Friday, May 13, 2011

10 fascinating facts about Erdington

I am thinking about doing an Erdington history blog, while i decide here is a little list of 10 fascinating facts, which may or may not be true, about this awesome village i live in.
  1. Chester Road probably predates the Romans and as you can thus imagine is one of the oldest roads in the area. Between Kenilworth and Brownhills the road follows the route of the ancient Welsh Road.
  2. The Dwarf Holes were mysterious artificial caves, which were lost due to the construction of the Gravelly Hill Interchange. They may have dated from the Stone Age. They were mentioned in deeds dating from the 15th century in any case.
  3. The brick factory on Holly Lane supplied the bricks for many of Erdington's houses up until WW2. Twenty million bricks were used to build Fort Dunlop.
  4. Fort Dunlop was at one time the largest tyre factory in the British Commonwealth, it was built where it was because of the ready supply of water from the River Tame and surrounding fields.
  5. The murder of Mary Ashford in Erdington in 1817 and the resulting trial ended up with the British legal system being changed after the defendant Abraham Thornton challenged his accuser (Mary's younger brother) to a duel who, as he was just a young lad, declined thus forcing the case to be dismissed. News of this case travelled far and wide, when Thornton tried to emigrate to the US he had a lot of trouble trying to get a ship in Liverpool as the fellow passengers did not want to share the same boat as a "murderer".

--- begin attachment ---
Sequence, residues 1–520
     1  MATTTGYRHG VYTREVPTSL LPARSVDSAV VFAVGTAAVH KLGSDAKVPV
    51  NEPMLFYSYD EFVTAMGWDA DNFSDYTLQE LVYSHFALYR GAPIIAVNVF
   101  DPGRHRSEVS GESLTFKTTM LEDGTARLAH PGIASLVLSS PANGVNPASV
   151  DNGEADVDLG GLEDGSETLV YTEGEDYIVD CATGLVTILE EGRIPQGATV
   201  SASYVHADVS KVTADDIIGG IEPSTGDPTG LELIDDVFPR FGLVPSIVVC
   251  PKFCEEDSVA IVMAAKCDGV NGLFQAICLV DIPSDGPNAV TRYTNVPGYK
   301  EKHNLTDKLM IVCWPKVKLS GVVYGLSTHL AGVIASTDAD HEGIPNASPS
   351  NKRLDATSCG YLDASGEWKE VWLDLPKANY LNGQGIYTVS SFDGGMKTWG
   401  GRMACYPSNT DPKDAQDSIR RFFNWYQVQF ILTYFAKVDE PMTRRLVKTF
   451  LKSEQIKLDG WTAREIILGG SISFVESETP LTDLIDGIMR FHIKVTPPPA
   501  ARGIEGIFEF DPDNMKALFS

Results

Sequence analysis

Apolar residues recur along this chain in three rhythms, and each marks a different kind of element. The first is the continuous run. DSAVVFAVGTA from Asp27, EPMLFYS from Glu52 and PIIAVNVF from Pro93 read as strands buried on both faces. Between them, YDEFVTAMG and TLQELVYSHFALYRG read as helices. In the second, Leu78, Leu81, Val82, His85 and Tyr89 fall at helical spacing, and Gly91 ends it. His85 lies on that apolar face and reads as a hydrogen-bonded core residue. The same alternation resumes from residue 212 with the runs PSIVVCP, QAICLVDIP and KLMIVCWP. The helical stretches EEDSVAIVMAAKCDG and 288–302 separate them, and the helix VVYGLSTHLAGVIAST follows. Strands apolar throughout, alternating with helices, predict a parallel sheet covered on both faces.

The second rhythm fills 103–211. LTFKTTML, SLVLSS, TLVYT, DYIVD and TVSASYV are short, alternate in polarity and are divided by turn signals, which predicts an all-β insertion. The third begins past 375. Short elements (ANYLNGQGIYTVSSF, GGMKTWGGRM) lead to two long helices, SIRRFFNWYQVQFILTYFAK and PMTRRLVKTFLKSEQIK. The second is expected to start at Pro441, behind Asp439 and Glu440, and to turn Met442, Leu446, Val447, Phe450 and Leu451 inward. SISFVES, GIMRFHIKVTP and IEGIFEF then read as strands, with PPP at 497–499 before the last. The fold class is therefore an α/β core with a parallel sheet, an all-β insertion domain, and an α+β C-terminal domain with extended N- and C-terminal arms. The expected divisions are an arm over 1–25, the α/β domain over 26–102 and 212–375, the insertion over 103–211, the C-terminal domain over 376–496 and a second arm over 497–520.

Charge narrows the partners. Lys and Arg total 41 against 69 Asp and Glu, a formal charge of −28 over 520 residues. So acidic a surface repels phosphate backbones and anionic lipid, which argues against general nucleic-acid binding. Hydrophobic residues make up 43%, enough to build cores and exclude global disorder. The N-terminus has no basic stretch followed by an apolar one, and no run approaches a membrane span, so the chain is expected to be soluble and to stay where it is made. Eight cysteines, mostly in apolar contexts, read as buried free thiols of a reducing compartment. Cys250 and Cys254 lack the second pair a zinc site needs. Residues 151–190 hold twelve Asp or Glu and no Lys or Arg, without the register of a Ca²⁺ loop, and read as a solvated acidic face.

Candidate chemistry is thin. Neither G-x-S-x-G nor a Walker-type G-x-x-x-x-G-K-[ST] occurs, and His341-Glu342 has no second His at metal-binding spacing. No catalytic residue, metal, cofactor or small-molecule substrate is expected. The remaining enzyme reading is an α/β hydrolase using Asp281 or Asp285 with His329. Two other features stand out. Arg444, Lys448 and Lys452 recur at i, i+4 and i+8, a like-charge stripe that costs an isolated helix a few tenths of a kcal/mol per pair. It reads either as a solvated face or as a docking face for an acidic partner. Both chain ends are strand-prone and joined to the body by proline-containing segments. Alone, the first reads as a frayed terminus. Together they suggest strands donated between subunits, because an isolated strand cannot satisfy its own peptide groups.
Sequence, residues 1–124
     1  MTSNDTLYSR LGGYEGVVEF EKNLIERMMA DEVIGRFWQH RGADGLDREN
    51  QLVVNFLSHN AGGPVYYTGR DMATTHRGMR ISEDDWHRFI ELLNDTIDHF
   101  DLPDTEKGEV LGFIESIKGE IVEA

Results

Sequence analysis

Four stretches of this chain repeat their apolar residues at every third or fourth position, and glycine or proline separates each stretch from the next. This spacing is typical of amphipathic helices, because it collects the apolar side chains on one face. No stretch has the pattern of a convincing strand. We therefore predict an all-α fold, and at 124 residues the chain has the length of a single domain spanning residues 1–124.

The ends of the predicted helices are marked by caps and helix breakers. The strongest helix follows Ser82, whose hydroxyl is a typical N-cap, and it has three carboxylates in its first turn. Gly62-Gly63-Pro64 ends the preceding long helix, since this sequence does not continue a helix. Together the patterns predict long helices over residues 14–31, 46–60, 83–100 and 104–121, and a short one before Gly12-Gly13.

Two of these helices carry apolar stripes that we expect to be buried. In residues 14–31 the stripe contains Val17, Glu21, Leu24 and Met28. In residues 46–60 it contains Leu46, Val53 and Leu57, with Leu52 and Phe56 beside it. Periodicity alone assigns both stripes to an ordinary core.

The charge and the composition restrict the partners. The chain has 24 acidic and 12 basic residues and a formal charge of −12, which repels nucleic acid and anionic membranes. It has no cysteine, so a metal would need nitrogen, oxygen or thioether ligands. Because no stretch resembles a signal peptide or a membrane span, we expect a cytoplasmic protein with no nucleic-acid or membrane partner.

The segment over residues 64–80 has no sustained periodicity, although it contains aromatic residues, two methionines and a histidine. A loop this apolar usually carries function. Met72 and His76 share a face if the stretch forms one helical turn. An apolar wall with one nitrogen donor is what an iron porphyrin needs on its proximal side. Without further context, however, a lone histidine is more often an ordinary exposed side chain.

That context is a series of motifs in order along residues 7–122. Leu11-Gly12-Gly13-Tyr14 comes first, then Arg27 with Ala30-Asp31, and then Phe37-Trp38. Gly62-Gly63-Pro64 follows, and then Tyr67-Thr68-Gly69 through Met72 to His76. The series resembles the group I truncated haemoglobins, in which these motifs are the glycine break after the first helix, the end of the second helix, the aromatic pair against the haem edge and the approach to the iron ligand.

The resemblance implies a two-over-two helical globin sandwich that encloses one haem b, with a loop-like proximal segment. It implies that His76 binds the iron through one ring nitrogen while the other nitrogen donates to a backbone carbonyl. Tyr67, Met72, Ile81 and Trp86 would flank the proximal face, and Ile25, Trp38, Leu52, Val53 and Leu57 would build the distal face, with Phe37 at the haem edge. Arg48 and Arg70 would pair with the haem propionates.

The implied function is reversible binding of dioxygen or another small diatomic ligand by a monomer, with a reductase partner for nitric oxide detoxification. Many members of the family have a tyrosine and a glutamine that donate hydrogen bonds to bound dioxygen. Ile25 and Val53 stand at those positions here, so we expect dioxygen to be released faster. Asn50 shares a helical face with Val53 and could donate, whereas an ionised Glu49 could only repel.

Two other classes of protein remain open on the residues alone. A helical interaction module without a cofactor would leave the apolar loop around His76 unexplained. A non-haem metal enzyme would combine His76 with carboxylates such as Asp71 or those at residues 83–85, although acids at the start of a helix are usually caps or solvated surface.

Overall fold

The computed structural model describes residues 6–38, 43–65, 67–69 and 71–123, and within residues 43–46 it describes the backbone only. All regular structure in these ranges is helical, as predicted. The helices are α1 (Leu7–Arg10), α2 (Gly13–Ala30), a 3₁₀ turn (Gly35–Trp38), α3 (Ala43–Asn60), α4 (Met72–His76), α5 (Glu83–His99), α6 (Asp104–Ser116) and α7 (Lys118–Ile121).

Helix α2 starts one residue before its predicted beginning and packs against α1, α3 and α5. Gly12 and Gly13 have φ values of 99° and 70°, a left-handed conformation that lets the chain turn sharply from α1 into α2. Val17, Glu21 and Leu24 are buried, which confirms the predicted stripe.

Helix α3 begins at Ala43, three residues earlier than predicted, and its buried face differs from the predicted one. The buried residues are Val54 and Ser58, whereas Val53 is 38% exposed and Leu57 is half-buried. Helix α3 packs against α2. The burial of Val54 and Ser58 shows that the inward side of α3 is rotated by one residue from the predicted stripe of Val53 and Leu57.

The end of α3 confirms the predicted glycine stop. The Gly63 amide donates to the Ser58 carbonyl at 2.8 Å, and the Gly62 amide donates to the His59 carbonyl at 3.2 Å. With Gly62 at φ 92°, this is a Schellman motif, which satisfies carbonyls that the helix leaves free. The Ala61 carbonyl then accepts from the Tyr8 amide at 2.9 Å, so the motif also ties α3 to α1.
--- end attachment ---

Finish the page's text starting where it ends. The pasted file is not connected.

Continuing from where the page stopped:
6. Number 2 Fern Road was the last house with a thatched roof in Birmingham though it's roof was replaced in 1944 due to the fire risk.
  7. Six Ways is reputed to be the oldest traffic roundabout in the UK.
  8. In the 1900s Birmingham Council planned to build a gas works on the Glenthorne estate, luckily they built the Birches Green housing estate instead.
  9. The Acorn Hotel was located on the High Street on the junction of Church Road up until the Second World War, a pub called The Acorn occupies part of the same site.
  10. Two companies bid for the railway line from Birmingham to Sutton Coldfield, the winning company building what is now the Cross City Line. The alternative plan envisaged a rail route to Erdington that would have gone along the Tyburn Road and Wood End Lane with stations on Mason Road and Orphanage Road.
Arkinstall M & Baird P (1976), 'Erdington Past & Present', Birmingham Public Libraries
Baxter M & Drake P (1995), 'Erdington', Tempus
Baxter M & Drake P (2003), 'Erdington Vol 2', Tempus
Maxam A (2008), 'Vintage Images of Erdington Birmingham', Adlard

1 comment:

  1. You guys live in a historically fascinating place. Great post.